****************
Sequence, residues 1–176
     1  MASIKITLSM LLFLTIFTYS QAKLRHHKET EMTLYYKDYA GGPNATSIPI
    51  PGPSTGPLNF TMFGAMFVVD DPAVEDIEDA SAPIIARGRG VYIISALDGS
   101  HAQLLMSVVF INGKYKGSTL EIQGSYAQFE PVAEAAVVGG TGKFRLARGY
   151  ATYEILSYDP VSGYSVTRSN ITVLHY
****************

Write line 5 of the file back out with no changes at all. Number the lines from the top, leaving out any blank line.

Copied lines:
   151  ATYEILSYDP VSGYSVTRSN ITVLHY